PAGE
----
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Carnegie Mellon Researchers Optimize 3D Printing

college of engineering / research

Researchers in Carnegie Mellon University's College of Engineering have developed a novel approach to optimizing soft material 3D printing. The Expert-Guided Optimization (EGO) method combines expert judgment with an optimization algorithm that efficiently searches combinations of parameters relevant for 3D printing, enabling high-fidelity soft material products to be printed.

The researchers who designed the EGO method include lead author Sara Abdollahi, a Ph.D. student in biomedical engineering; Adam Feinberg, associate professor of biomedical engineering and materials science and engineering; Alex Davis, assistant professor of engineering and public policy; and Dietrich College of Humanities and Social Sciences Professor John Miller.

In their paper, "Expert-guided optimization for 3D printing of soft and liquid materials," which was published in PLOS One, the researchers demonstrate the EGO method using liquid polydimethylsiloxane (PDMS) elastomer resin, a material often used in wearable sensors and medical devices. They used a printing method called freeform reversible embedding (FRE), in which soft materials are deposited within a gel support bath.

When it comes to 3D printing soft materials, many parameters can affect the final product. How fast the head of the 3D printer moves, the consistency of the gel bath in which the product is printed and the concentrations of each material in the print are just a few of the variables that can affect the final product. In each print, there can be dozens of parameters to take into account, and many more possible combinations of them.

A typical optimization model or experimental design will focus on a few parameters considered most important to the print. However, adapting these optimization models for experimental materials, whose 3D printing characteristics aren't well known, can be extremely challenging.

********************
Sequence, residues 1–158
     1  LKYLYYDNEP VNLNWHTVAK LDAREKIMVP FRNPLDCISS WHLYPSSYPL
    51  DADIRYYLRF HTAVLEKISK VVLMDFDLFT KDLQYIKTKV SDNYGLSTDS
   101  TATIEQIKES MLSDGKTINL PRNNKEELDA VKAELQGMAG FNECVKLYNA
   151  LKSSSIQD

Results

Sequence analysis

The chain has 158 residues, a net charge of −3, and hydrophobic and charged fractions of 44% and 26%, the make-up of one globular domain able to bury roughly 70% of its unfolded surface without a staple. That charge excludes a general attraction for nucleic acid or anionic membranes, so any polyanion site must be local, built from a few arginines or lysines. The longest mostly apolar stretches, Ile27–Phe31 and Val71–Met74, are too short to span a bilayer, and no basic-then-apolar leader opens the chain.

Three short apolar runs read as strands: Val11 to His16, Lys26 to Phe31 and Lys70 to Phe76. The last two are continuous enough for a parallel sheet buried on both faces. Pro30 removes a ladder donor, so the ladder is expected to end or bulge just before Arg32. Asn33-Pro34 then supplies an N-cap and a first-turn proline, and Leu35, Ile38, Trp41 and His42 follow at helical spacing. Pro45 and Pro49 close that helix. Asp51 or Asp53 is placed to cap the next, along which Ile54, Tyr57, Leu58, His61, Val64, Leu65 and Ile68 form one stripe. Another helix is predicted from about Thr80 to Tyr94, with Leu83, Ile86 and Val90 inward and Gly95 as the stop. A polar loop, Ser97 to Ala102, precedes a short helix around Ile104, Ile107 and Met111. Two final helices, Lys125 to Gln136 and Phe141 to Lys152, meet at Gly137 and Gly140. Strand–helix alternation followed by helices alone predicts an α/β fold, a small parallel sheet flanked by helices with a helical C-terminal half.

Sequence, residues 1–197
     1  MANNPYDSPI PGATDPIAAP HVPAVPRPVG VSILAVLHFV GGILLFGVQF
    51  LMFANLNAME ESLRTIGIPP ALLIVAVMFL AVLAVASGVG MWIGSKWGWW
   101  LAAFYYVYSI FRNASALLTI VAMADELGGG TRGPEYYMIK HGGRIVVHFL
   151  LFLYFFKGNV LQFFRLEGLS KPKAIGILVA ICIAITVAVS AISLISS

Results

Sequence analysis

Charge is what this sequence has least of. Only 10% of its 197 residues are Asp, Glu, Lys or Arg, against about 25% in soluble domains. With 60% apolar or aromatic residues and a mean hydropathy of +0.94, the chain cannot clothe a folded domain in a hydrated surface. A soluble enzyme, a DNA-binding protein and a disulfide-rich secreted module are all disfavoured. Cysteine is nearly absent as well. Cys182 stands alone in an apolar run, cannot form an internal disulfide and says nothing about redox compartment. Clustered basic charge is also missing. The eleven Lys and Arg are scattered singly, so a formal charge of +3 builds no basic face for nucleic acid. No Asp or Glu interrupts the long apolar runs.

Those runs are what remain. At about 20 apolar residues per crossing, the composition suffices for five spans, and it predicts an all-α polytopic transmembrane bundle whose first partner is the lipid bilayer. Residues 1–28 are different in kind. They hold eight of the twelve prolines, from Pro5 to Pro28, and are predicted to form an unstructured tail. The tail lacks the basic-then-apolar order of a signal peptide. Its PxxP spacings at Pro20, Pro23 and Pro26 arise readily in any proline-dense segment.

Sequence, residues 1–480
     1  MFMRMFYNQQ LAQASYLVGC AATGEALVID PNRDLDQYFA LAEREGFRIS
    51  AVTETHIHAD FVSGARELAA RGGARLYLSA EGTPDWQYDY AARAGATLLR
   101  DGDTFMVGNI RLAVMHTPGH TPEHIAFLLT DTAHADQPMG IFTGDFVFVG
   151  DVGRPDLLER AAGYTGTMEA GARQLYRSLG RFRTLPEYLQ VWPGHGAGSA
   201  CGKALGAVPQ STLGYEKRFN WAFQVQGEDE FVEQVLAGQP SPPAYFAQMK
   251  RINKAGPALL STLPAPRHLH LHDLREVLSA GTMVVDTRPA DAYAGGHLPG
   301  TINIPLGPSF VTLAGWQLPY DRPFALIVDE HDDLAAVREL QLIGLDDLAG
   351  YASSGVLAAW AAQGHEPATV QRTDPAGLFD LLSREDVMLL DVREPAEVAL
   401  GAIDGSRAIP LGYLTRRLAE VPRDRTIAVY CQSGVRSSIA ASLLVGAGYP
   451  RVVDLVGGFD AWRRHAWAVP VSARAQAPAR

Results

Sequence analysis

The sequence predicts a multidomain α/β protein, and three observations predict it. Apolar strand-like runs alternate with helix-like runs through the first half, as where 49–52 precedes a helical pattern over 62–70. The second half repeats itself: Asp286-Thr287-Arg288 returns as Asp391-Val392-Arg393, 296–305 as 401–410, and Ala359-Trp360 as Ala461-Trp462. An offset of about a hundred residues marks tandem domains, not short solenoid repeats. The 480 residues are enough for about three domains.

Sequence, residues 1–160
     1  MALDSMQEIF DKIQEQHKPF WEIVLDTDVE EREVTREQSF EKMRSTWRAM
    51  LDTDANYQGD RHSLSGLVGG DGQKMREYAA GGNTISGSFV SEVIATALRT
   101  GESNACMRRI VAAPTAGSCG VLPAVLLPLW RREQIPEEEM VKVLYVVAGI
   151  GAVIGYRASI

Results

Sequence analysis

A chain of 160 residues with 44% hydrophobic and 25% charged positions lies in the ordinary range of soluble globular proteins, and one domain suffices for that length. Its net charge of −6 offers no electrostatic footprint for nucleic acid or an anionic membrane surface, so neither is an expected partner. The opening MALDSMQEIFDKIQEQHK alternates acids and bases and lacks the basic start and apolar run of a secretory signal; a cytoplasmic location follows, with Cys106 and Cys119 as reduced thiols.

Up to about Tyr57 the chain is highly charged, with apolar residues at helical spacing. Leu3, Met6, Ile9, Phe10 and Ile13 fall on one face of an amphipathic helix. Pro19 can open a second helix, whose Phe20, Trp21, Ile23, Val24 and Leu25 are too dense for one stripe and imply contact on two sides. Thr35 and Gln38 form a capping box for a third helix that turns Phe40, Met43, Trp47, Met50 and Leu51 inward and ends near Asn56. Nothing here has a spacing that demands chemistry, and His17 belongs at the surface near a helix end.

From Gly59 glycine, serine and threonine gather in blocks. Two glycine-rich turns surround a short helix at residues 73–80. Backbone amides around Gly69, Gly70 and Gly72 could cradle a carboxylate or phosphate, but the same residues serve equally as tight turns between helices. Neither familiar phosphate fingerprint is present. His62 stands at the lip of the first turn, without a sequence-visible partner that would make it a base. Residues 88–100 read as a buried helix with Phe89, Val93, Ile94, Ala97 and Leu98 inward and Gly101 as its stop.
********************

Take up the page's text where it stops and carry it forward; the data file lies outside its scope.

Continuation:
"When 3D printing thermoplastics, if you have just five or 10 main print parameters and want to explore, say, five levels of each, a factorial design can result in millions of possible combinations of settings to print," Abdollahi said. "The combinations become even more daunting when exploring an experimental material whose print characteristics are unknown. For example, if the experimental material has 20 print parameters with five levels, the experimenter can have trillions of combinations of print settings to explore."

However, with the EGO model, this challenge can be made less of an obstacle because experts are able to rule out many combinations as being ineffective. By combining an expert's scientific judgment with efficient search algorithms, EGO significantly reduces the time and energy required to find combinations that yield optimal 3D prints for experimental materials.

"The purpose of EGO is to create an effective search algorithm that explicitly combines both expert knowledge and traditional search algorithms," Davis said. "Typically we think of machine learning being useful for big data, but EGO works in situations when we have little or no data and need to rely on expert judgment, then through a combination of search algorithms and the expert's knowledge, effectively transition from small to big data."

The EGO model is comprised of three steps. First, a human expert selects the initial set of parameters, giving the algorithm the boundaries for search. Then, a hill climbing algorithm searches within those boundaries for promising combinations of those parameters, resulting in a "local optimum." Finally, the expert evaluates the local optimum and decides whether to alter the search process by adding new parameters, or continue to search within the existing boundaries. The process repeats until an ideal solution is found.

The EGO method, which can extend beyond the 3D printing of soft materials for a variety of engineering processes, has great potential as a systematic tool to discover the key parameters that yield reproducible, high-quality, novel materials.